Longtime City Clerk To Retire This Month

Cambridge City Clerk D. Margaret Drury plans to retire in February after serving in the position for 20 years.

In her role as clerk, Drury dealt mostly with commonplace record-keeping for the city, but she once had a chance to make history.

In 2004, Drury officiated at the first legal same-sex marriage in the country. At midnight on the day same-sex marriage was legalized in Massachusetts, 10,000 people gathered in front of Cambridge City Hall to celebrate, Drury said.

“All day long at City Hall, there were marriages,” she said. “Marriage equality groups were there with a wedding cake from Rosie’s [Bakery] and giving out pink carnations.”

“I was mayor during the gay marriage stuff, so I saw how much it meant to her,” former Mayor Michael A. Sullivan said. “I was very proud of the way she handled it, the way she made sure it would go well. And you could see it in her face. You could really see the brightness in her eye, the lilt in her voice.”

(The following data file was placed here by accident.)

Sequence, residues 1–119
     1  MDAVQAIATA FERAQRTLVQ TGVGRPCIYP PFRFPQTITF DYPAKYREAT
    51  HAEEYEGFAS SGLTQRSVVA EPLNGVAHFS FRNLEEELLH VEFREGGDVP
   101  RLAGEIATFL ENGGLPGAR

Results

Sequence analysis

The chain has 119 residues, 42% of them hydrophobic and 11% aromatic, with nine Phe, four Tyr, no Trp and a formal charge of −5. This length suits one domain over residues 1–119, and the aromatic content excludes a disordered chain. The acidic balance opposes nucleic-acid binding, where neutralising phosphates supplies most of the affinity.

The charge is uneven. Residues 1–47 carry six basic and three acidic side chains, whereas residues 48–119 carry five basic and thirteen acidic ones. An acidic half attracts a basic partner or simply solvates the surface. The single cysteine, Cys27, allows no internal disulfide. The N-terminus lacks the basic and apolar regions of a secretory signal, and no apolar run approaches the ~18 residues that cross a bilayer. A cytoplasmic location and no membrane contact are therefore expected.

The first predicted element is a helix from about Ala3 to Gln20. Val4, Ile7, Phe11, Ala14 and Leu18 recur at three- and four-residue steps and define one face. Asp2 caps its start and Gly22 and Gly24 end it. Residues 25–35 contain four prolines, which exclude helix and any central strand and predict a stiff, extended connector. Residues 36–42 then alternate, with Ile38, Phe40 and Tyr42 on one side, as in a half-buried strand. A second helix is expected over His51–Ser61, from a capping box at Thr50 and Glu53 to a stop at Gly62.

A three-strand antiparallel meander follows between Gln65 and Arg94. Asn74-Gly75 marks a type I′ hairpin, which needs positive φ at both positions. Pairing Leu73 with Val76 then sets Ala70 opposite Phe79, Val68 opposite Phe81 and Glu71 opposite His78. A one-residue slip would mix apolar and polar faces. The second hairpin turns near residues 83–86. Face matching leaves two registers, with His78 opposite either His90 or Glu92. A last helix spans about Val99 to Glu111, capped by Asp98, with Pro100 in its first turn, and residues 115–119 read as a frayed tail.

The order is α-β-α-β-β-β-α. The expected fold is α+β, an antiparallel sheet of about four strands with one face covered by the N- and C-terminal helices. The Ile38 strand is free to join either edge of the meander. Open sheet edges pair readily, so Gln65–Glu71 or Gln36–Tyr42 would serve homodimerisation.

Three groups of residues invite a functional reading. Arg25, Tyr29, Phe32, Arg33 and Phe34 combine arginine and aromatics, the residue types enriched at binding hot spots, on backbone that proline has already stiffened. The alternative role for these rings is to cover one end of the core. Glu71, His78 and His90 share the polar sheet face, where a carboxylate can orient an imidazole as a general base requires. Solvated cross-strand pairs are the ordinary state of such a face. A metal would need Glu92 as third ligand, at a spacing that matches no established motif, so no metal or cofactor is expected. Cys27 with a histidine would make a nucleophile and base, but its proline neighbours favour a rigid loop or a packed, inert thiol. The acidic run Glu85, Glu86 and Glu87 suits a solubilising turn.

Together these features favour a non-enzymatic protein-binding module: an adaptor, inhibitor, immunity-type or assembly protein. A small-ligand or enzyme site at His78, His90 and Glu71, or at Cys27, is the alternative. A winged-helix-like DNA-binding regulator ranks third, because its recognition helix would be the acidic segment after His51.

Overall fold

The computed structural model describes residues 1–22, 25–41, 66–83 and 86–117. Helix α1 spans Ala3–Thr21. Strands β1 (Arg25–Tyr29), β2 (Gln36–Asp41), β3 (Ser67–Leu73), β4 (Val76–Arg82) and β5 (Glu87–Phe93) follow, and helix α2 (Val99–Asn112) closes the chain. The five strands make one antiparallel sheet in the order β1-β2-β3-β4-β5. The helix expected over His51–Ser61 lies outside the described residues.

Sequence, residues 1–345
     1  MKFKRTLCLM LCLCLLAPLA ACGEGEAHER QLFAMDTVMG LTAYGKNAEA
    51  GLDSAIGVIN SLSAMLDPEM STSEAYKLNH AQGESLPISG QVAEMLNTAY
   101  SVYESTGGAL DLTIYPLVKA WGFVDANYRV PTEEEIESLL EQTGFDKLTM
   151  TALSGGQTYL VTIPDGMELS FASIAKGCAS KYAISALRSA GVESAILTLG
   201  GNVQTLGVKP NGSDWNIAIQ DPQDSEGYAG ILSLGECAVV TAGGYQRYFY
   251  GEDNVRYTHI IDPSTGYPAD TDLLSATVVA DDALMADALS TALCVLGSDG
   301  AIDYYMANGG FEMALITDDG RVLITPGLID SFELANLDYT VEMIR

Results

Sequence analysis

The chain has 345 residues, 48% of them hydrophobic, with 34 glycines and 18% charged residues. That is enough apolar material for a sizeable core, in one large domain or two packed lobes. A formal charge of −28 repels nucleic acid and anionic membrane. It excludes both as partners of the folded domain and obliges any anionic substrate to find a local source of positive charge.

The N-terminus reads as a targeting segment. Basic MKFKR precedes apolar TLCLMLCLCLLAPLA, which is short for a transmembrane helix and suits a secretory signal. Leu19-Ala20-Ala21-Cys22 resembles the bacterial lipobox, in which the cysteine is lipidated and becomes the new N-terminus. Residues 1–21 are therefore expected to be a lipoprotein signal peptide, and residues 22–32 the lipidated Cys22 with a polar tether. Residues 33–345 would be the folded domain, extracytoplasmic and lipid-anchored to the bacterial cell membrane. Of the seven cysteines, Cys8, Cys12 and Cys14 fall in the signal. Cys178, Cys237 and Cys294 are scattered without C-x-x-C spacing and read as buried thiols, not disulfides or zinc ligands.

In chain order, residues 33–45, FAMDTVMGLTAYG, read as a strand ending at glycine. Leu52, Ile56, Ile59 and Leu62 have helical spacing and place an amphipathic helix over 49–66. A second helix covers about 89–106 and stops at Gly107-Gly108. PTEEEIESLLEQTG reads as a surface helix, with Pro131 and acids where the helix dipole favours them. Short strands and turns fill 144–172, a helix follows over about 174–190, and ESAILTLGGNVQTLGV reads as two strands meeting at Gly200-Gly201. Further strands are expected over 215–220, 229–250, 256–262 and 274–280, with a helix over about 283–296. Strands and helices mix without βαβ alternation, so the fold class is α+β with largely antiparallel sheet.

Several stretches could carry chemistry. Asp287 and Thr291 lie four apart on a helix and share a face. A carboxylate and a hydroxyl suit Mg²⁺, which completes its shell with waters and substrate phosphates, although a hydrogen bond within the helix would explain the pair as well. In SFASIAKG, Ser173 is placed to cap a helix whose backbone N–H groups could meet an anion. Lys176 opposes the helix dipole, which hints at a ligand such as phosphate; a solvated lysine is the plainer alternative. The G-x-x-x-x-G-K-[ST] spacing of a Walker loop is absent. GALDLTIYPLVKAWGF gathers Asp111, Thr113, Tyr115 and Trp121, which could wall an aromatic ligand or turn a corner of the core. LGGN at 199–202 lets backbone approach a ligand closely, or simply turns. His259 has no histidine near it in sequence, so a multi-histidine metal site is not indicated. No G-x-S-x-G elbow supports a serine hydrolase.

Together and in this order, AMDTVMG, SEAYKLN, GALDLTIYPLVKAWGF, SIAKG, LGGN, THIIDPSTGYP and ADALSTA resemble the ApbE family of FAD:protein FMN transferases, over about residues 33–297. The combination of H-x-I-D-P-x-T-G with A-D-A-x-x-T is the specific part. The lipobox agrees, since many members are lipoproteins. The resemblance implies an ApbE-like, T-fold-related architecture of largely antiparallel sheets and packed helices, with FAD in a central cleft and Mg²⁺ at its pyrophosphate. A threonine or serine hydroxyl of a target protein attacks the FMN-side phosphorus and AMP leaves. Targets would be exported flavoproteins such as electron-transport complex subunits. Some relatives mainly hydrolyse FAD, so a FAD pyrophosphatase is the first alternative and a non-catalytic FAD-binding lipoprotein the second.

Drury grew up in Randolph, Mass., and graduated from Suffolk Law School before she started working for the city in 1982.

When the City Council made the controversial decision to not renew the contract of her predecessor as city clerk, Joseph E. Connarton, she applied for the job.

“I thought, ‘Oh, I’ll try this for a couple of months.’ And that was in 1992, and I’ve been here ever since,” she said.

City Councillor E. Denise Simmons developed a relationship with Drury over their mutual “love of parliamentary procedure,” Simmons said. Simmons was interested in the procedural workings of the Council, and Drury was an expert. “The Council does its work as well as it does because of Margaret and her experience and attention to detail.”

Robert Winters, who teaches at the Harvard Extension School and writes an online journal about Cambridge politics, has called on Drury’s services many times.

“She’s been a great help,” he said. Winters once asked Drury to find records of all the people who had been city clerk since the city’s founding in 1632, a chore he said was the hardest task he ever asked of her.

At the Council meeting on Monday, he joked with Drury about pulling a bunch of records in her last month as clerk, but decided to save it for her successor.

“She’s a wonderful, wonderful person,” Councillor Craig A. Kelley said. “We will be sad to see her go.”

—Staff writer Maya S. Jonas-Silver can be reached at mayajonas-silver@college.harvard.edu.

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